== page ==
Apple released a second security update to fix further Zoom-related vulnerabilities on macOS, The Verge reported.
The company removed software which was automatically installed by Zoom’s partners – RingCentral and Zhumu. Earlier this week, these two video conferencing applications were found to have the same vulnerabilities as Zoom.
RingCentral and Zhumu installed software capable of responding to commands that could potentially allow websites to open up your webcam during a video conference without your permission. Removing the two applications did not remove the secondary software that was vulnerable to exploitation, which is the way Zoom worked.
Last week, researchers announced a vulnerability that allows a website to forcibly start a video call on a Mac, due to a web server installed by Zoom in the background.
When the vulnerability was first found, Zoom explained that it used a local web server as a workaround to Safari changes introduced by Apple in Safari 12, calling it a “legitimate solution” to an otherwise “poor user experience” letting users access “seamless, one-click-to-join meetings.”
Due to security reasons, Apple implemented to require user approval when launching a third-party application, which Zoom wanted to avoid. Thus, Zoom used the aforementioned web server that was created to wait for calls to open up Zoom conferences automatically.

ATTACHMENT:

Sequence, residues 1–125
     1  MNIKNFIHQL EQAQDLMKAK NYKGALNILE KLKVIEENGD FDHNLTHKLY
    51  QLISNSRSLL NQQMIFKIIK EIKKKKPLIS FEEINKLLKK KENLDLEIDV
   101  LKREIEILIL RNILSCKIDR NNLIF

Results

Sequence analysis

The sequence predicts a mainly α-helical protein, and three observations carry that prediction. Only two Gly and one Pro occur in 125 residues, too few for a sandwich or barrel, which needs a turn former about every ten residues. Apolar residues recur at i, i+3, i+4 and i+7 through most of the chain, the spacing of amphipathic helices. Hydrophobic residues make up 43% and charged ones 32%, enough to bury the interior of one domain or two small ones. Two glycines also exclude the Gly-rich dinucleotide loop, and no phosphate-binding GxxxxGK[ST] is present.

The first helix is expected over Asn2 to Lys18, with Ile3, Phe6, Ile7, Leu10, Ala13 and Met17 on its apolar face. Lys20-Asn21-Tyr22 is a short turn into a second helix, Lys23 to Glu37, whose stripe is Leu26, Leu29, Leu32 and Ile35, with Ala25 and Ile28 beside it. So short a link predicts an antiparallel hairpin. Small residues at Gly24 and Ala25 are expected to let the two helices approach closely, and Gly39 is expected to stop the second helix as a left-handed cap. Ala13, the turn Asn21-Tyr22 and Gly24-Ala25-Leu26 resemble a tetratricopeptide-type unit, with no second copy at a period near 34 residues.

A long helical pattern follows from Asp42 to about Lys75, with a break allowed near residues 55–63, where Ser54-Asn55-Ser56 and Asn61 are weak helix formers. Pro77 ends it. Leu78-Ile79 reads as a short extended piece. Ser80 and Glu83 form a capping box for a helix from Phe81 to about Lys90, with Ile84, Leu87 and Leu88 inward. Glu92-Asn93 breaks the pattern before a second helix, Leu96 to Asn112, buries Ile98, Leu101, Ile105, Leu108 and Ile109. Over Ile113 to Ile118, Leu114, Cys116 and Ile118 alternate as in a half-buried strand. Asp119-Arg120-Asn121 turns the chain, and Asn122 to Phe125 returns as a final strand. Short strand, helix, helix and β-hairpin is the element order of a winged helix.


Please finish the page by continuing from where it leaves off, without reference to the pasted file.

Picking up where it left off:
Despite the fact that Zoom released a patch to address the vulnerability, Apple decided to remove the web server software which was not initially removed from the Mac when uninstalling the Zoom application.
Apple seeded its first silent patch to remove Zoom’s extra software on July 10th, and the update from yesterday is an important part of the same mitigation.
Installing Zoom on macOS no longer installs a local web server on Mac devices, and adds a new setting to save the “Always turn off my video” preference which disables video in Zoom by default until it’s manually enabled. At the same time, the new patch for RingCentral and Zhumu is deployed automatically, so users don’t need to apply it manually.
According to The Verge, Apple plans to fix the vulnerability for all of Zoom’s partner applications.